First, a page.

• Flotetuzumab for the Treatment of Relapsed or Refractory Advanced CD123-Positive Hematological Malignancies

    This phase I trial studies the best dose and side effects of flotetuzumab for the treatment of patients with blood cancers (hematological malignancies) that have spread to other places in the body (advanced) and have come back after a period of improvement (relapsed) or does not respond to treatment (refractory). Flotetuzumab is a monoclonal antibody that may interfere with the ability of cancer cells to grow and spread.
    Location: City of Hope Comprehensive Cancer Center, Duarte, California

  • CC-486, Lenalidomide, and Obinutuzumab for the Treatment of Recurrent or Refractory CD20 Positive B-cell Lymphoma

    This phase I / Ib trial investigates the side effects of CC-486 and how well it works in combination with lenalidomide and obinutuzumab in treating patients with CD20 positive B-cell lymphoma that has come back (recurrent) or has not responded to treatment (refractory). Chemotherapy drugs, such as CC-486, work in different ways to stop the growth of cancer cells, either by killing the cells, by stopping them from dividing, or by stopping them from spreading. Lenalidomide is a drug that alters the immune system and may also interfere with the development of tiny blood vessels that help support tumor growth. Therefore, in theory, it may reduce or prevent the growth of cancer cells. Obinutuzumab is a type of antibody therapy that targets and attaches to the CD20 proteins found on follicular lymphoma cells as well as some healthy blood cells. Once attached to the CD20 protein the obinutuzumab is thought to work in different ways, including by helping the immune system destroy the cancer cells and by destroying the cancer cells directly. Giving CC-486 with lenalidomide and obinutuzumab may improve response rates, quality, and duration, and minimize adverse events in patients with B-cell lymphoma.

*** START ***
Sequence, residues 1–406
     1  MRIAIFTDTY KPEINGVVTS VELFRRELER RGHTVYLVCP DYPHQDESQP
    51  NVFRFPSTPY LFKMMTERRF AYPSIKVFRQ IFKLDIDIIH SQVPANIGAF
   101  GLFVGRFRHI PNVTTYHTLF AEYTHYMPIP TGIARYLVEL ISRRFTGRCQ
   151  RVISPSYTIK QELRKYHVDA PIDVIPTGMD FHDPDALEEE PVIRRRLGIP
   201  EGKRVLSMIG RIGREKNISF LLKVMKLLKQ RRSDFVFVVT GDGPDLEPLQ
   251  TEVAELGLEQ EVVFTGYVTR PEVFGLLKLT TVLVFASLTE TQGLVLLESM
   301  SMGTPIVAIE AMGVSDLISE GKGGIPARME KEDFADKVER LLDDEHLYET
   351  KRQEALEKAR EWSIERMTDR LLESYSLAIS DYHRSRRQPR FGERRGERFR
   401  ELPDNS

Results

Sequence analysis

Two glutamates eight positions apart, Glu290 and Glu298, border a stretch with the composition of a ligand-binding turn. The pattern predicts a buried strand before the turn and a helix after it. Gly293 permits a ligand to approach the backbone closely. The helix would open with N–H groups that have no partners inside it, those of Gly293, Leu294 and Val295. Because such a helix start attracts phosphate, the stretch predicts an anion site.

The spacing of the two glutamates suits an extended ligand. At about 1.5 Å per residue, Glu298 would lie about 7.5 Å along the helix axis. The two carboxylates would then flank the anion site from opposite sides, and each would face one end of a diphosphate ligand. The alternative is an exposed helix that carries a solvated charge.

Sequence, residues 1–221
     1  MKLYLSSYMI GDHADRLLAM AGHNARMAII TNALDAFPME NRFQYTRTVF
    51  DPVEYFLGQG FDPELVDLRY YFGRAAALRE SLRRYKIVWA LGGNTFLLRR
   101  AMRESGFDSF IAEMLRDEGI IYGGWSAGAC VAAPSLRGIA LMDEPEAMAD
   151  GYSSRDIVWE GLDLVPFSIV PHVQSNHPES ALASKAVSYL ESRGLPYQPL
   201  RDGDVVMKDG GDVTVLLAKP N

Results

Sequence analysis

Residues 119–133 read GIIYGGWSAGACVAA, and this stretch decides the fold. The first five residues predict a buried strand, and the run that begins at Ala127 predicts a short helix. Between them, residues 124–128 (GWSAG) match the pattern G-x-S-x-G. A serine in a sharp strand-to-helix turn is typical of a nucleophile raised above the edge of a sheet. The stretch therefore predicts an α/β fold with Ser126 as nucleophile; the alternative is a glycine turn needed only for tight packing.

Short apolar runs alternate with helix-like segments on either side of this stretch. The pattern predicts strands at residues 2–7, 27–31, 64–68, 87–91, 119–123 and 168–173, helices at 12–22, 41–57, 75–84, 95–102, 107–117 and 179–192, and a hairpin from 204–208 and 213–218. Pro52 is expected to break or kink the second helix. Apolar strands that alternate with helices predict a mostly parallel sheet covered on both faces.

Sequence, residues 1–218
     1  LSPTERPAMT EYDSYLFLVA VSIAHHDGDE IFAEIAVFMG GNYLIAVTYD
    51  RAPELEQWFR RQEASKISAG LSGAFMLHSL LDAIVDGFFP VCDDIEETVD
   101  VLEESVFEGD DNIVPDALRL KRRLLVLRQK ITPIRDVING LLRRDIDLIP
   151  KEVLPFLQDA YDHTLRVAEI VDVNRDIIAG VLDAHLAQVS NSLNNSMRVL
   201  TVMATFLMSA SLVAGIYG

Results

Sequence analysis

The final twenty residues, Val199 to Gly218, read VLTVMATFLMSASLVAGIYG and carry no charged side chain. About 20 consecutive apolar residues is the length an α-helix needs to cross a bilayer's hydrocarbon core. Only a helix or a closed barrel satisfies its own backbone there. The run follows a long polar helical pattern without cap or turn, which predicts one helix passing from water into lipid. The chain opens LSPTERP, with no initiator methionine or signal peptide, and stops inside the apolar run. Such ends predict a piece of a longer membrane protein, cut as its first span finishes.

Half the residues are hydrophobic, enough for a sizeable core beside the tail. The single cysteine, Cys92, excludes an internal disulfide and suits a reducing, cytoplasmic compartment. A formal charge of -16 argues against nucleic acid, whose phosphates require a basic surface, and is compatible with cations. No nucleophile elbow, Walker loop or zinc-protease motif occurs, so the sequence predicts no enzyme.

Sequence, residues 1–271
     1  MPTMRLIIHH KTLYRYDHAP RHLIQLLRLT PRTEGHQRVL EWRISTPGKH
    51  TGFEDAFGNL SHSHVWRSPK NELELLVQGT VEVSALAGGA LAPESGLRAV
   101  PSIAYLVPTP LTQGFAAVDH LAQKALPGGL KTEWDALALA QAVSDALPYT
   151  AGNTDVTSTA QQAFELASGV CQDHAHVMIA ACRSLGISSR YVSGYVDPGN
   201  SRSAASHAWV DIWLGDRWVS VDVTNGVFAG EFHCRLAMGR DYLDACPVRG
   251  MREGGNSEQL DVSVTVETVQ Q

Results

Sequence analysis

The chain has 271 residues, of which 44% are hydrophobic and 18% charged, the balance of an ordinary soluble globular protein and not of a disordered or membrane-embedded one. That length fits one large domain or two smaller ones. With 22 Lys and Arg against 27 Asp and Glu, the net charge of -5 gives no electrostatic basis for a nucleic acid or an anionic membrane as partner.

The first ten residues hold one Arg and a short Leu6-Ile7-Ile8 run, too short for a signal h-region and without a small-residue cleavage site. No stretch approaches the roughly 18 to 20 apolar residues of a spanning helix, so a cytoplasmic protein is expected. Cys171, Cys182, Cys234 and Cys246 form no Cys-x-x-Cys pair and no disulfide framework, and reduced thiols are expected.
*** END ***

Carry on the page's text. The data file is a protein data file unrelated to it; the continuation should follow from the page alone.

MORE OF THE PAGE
Location: University of California Davis Comprehensive Cancer Center, Sacramento, California

  • Binimetinib for People With Relapsed / Refractory BRAF Wild Type Hairy Cell Leukemia and Variant

    Background: Most people with hairy cell leukemia have a BRAF gene mutation. They can be treated with BRAF inhibitors, drugs that target this mutation. For people who do not have this mutation, BRAF inhibitors are not a treatment option. We found that in hairy cell leukemia, when BRAF is not mutated, the MEK gene frequently is. Binimetinib is a MEK inhibitor which targets MEK. It is important to determine if this drug can be a good treatment option in those who cannot benefit treatment with BRAF inhibitors. Objective: To see if binimetinib is an effective treatment for hairy cell leukemia that does not have a BRAF mutation. Eligibility: People ages 18 and older with hairy cell leukemia without a mutation in the BRAF gene and whose disease either did not respond to treatment or came back after treatment Design: Participants will be screened with: - Medical history - Physical exam - Blood and urine tests - Lung and heart tests - Eye exam - Bone marrow biopsy: A needle will be injected through the participant s skin into the bone to remove a sample of marrow. - CT or MRI scan: Participants will lie in a machine that takes pictures of the body. They might receive a contrast agent by vein. Before they start treatment, participants will have an abdominal ultrasound, pulmonary function tests, and exercise stress tests. Participants will take binimetinib by mouth twice daily in 28-day cycles. They will keep a medication diary. Participants will have at least one visit before every cycle. Visits will include repeats of some screening tests. Participants may continue treatment as long as their disease does not get worse and they do not have bad side effects. About a month after their last dose of treatment, participants will have a follow-up visit. They will then have visits once a year. ...